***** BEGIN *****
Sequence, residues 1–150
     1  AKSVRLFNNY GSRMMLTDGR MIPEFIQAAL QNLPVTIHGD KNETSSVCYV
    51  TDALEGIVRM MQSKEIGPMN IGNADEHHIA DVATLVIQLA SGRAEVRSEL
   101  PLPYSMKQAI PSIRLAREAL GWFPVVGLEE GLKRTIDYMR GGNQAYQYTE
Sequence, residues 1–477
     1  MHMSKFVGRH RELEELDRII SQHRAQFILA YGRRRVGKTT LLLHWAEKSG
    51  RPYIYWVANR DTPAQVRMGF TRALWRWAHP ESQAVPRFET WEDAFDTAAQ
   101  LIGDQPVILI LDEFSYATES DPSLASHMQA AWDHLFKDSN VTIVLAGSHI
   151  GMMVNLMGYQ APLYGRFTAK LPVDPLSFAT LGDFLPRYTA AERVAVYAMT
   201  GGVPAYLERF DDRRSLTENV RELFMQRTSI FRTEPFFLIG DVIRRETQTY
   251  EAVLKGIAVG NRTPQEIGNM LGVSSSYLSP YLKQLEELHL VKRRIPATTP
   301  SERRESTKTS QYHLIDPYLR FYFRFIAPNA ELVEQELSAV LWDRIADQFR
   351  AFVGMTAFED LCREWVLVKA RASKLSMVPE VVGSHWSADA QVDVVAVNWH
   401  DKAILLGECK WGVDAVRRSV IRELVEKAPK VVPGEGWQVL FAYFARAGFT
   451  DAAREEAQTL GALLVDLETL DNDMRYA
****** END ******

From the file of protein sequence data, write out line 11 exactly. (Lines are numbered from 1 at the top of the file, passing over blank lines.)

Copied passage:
   251  EAVLKGIAVG NRTPQEIGNM LGVSSSYLSP YLKQLEELHL VKRRIPATTP